So one good step to enhance the vein-like structures is coherence enhancing diffusion: Weickert, Joachim. "Coherence-enhancing diffusion filtering." International Journal of Computer Vision 31.2-3 (1999): 111-127. So I first apply this algorithm to your image, aggressively. The next step is to identify the curvilinear structures, which would in this case ...

6

$YUV$ (or $YCbCr$) is like $HSV$, but in different coordinates. (The difference between $YUV$ and $YCbCr$ is marginal - mostly related to exact formulas). The $V$ component is the same. $(S,H)$ can be thought of as polar coordinates, and $U,V$ as cartesian. $H$ is the angle, $S$ is the radius. A rough conversion would be: $U = S *cos(H)$ $V = S * sin(... 6 Following on from the above excellent answer, here is how to do it in python using scikit funcitons. from skimage.feature import hessian_matrix, hessian_matrix_eigvals #assume you have an image img hxx, hxy, hyy = hessian_matrix(img, sigma=3) i1, i2 = hessian_matrix_eigvals(hxx, hxy, hyy) #i2 is the variable you want. #Visualise the result import ... 6 When using Canny edge detection (in Halcon), with alpha being 1, and the low threshold 8 and the high threshold 13 (on a scale of 1-255), I get the following result: With tweaking of the parameters, the result you got from Canny can be much more improved. Using this image, you can skip the short edges to remove the noise, and connect the long edges for the ... 6 As an addendum to Penelope's answer, two popular families (and trendy) of algorithms. Superpixels A very popular family of algorithms called Superpixels is very trendy right now (there are even some Superpixel sessions in CV conferences). Superpixels are a lot like over-segmentation (like what watershed gives you), so some post-processing is required. ... 6 Alas, optical flow is a difficult problem too ;-) Well, to be more constructive, here are a few algorithms that should be worth trying (or have been tried on this particular sequence) : re-train your bags of features on a databse of vehicles more representative (in size and orientation) to your actual problem in order to obtain better results use the fact ... 6 1st Approach: Use the haartraining methods of opencv according to this tutorial http://note.sonots.com/SciSoftware/haartraining.html -- this should give the best results, but I haven't worked with haartraining myself so far... 2nd Approach: I would suggest to use methods of "markerless tracking" of the individual tiles of the board. You can implement this ... 6 You need to work with different color space. Try YCbCr for instance oimg = imread('http://i.stack.imgur.com/aYhrS.png'); img = rgb2ycbcr(oimg); % conver RGB to YCbCr color space msk = img(:,:,3)>130; % apply threshold on Cr channel to get segmentation mask I picked up 130 as arbitrary threshold, you might need to adjust it a bit. Showing the input ... 5 Just an idea with no guarantee of success: isolate the red blobs (e.g. mark them as white, the rest of the image as black) perform a distance transform for the white blobs (every pixel indicates the distance to the nearest black pixel) perform a non-maxima-suppression (ideally only the centers of the circles remain) deal with non ideal conditions (filter ... 5 I asked Google again for you, but I did manage to find some hits in the end. There is already a very good question on stackoverflow concerning the exact same thing you are interested in. There is a very nice explanation of split-and-merge provided in one of the answers, as well as simplified pseudocode. The other answer provides a link to the ... 5 Other than commercial barcode reading algorithms (many of which fail to read challenging codes), I would like to direct you to this paper which is one of the best academic works in that field in my opinion: Gallo, Manduchi: Reading Challenging Barcodes with Cameras. Here is a more recent version: Gallo, Manduchi: Reading 1D Barcodes with Mobile Phones ... 5 This code work fine for me. You try RGB = imread('Image/input.png'); GRAY = rgb2gray(RGB); threshold = graythresh(GRAY); originalImage = im2bw(GRAY, threshold); originalImage = bwareaopen(originalImage,250); se = strel('disk', 10); %# structuring element closeBW = imclose(originalImage,se); imshow(closeBW); 5 It can be done very easily with the scikit-learn. Examples are easy to find on their website, i.e. here. In my opinion it is the best way to go. Modified code example from the above link: import numpy as np import matplotlib.pyplot as plt from sklearn.cluster import KMeans from sklearn.datasets.samples_generator import make_blobs ########################... 4 I am currently working on CBIR using Component Trees, which should be a relatively new idea. Some expected advantages of using Component Trees to describe images would be: The Component Tree representation of an image would not depend so much on the deformations (even projective) to the image Examining different levels of the tree would allow comparisons ... 4 MSER (Maximally stable extremal regions) are regions, not points. And they're invariant to affine transformation. But it's not a segmentation method, strictly speaking Informally speaking, the idea is to find blobs at various thresholds, then select the blobs that have the least change in shape/area over a range of thresholds. These regions should be stable ... 4 Which method are you using to detect the lines? Have you tried experimenting with LSD? Here are the results of a quick test I did using LSD: In this first image I have displayed only the vertical line segments with an angle between 75 and 105 degrees and the length greater than$0.1 * height\$ of the image: The second image are the results with the same ...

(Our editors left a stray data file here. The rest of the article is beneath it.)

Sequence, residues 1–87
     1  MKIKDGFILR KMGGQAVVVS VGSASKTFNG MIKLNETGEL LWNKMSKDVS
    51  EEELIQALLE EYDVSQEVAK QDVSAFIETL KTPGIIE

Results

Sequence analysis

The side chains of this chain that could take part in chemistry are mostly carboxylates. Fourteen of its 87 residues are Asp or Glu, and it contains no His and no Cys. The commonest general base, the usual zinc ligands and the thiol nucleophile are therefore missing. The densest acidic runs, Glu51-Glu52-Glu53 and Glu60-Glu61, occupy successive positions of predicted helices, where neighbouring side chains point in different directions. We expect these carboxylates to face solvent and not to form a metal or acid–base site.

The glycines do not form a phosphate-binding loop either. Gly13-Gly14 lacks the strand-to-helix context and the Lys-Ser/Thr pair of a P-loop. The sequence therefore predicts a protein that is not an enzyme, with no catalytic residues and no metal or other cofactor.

4

Okay I found some ideas about using Fourier Transforms in Object Recognition. What I am unable to understand is however, its downsides. Why was the method discarded. For those who are interested in reading about how Fourier Transforms were applied in Object Recognition , look for Fourier Mellin Transforms. The Fourier-Mellin transform is a useful ...

4

I think the open-source command-line program potrace, might do what you want. It converts bitmaps to bezier curves and has a bunch of options allowing you to trade off smoothness and accuracy. The open-source Inkscape vector (svg) editor has potrace built in (under the Path->Trace Bitmap menu option.) The result of applying your example in Inkscape, (I ...

4

You could apply a 2d FFT. You will get a frequency spectrum as z values on a 2d plane: ← That's log(abs(fftshift(fft2(image))))) where image is from the question, but with white borders trimmed From the z values you can determine the highest peak and calculate its position on the 2d plane. With some geometric calculation, you can derive wavelength, ...

4

Although you did not spent even a minute in researching the question I will post an answer to it. There are multiple ways; I will try to demonstrate it using wavelets in Mathematica. So, first of all we need an image. img = ExampleData[{"TestImage", "Mandrill"}] Then we apply the DiscreteWaveletTransform using the HaarWavelet dwd = ...

Only top voted, non community-wiki answers of a minimum length are eligible